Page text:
filechan man page on 4.4BSD

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FILECHAN(8)							   FILECHAN(8)

NAME
       filechan - file-writing backend for InterNetNews

SYNOPSIS
       filechan [ -d directory ] [ -f fields ] [ -m mapfile ] [ -p pidfile ]

DESCRIPTION
       Filechan	 reads	lines from standard input and copies certain fields in
       each line into files named by other fields within the  line.   Filechan
       is  intended  to	 be called by innd(8) as a channel feed.  (It is not a
       full exploder and does not  accept  commands;  see  newsfeeds(5)forade‐
       scriptionofthedifferenceand buffchan(8)foranexploderprogram.)

       Filechan	 input is interpreted as a set of lines.  Each line contains a
       fixed number of initial fields, followed by a variable number of	 file‐
       name  fields.   All  fields in a line are separated by whitespace.  The
       default number of initial fields is one; the ``-f'' flag may be used to
       specify a different number of fields.

       For  each  line of input, filechan writes the initial fields, separated
       by whitespace and followed by a newline, to each of the files named  in
       the  filename  fields.	When  writing  to a file, filechan opens it in
       append mode and tries to lock it and change the ownership to  the  user
       and group who owns the directory where the file is being written.

       By   default,   filechan	  writes  its  arguments  into	the  directory
       /var/spool/news/out.going.  The ``-d'' flag may be used	to  specify  a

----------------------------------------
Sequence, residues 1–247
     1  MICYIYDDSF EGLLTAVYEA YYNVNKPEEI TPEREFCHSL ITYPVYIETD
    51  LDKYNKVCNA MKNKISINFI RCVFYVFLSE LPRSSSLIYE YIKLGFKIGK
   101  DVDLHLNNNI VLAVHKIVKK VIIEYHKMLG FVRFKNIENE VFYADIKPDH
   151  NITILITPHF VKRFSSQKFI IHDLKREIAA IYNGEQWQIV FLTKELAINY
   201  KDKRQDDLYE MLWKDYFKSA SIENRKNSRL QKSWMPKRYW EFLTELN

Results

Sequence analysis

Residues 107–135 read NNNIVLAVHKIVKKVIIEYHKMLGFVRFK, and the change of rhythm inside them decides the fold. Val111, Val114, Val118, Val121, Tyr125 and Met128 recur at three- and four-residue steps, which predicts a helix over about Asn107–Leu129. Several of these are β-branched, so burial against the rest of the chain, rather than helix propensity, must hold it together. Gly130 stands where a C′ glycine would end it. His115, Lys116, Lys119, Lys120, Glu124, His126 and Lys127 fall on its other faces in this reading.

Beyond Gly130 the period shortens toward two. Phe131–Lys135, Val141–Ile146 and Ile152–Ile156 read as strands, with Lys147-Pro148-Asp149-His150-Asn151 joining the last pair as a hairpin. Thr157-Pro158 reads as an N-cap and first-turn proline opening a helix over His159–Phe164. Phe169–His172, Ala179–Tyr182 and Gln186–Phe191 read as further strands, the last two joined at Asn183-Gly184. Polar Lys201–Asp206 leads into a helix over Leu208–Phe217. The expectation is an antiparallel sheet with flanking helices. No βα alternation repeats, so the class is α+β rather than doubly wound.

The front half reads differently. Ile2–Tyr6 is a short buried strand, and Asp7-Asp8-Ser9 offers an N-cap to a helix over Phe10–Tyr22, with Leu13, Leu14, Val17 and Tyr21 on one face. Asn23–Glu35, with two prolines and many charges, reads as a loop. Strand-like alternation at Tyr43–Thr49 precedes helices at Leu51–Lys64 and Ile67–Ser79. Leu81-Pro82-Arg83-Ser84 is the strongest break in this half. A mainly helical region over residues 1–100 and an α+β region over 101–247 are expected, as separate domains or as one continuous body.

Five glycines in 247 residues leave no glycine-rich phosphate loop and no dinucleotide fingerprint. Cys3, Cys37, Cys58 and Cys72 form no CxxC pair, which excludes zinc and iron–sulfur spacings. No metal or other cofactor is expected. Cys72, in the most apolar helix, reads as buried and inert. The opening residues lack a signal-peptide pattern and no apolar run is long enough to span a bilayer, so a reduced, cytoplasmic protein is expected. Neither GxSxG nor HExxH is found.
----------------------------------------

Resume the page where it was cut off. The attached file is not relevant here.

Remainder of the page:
directory the program should change to before starting.

       If  the	``-p''	flag is used, the program will write a line containing
       its process ID (in text) to the specified file.

       If filechan is invoked with ``-f 2'' and given the following input:
	      news/software/b/132 <1643@munnari.oz.au> foo uunet
	      news/software/b/133 <102060@litchi.foo.com> uunet munnari
	      comp/sources/unix/2002 <999@news.foo.com> foo uunet munnari

       Then the file foo will have these lines:
	      news/software/b/132 <1643@munnari.oz.au>
	      comp/sources/unix/2002 <999@news.foo.com>

       the file munnari will have these lines:
	      news/software/b/133 <102060@litchi.foo.com>
	      comp/sources/unix/2002 <999@news.foo.com>

       and the file uunet will have these lines:
	      news/software/b/132 <1643@munnari.oz.au>
	      news/software/b/133 <102060@litchi.foo.com>
	      comp/sources/unix/2002 <999@news.foo.com>

       Because the time window in which a file is open is very small,  compli‐
       cated  flushing	and locking protocols are not needed; a mv(1) followed
       by a sleep(1) for a couple of seconds is sufficient.

       A map file may be specified by using the ``-m'' flag.  Blank lines  and
       lines starting with a number sign (``#'') are ignored.  All other lines
       should have two host names separated by a colon.	 The  first  field  is
       the  name  that	may appear in the input stream; the second field names
       the file to be used when the name in  the  first	 field	appears.   For
       example,	 the  following	 map  file  may be used to map the short names
       above to the full domain names:
	      #	  This	 is   a	   comment    uunet:news.uu.net	   foo:foo.com
	      munnari:munnari.oz.au

HISTORY
       Written	by  Robert  Elz	 <kre@munnari.oz.au>, flags added by Rich $alz
       <rsalz@uunet.uu.net>.  This is revision 1.14, dated 1993/03/18.

SEE ALSO
       buffchan(8), innd(8), newsfeeds(5).

								   FILECHAN(8)
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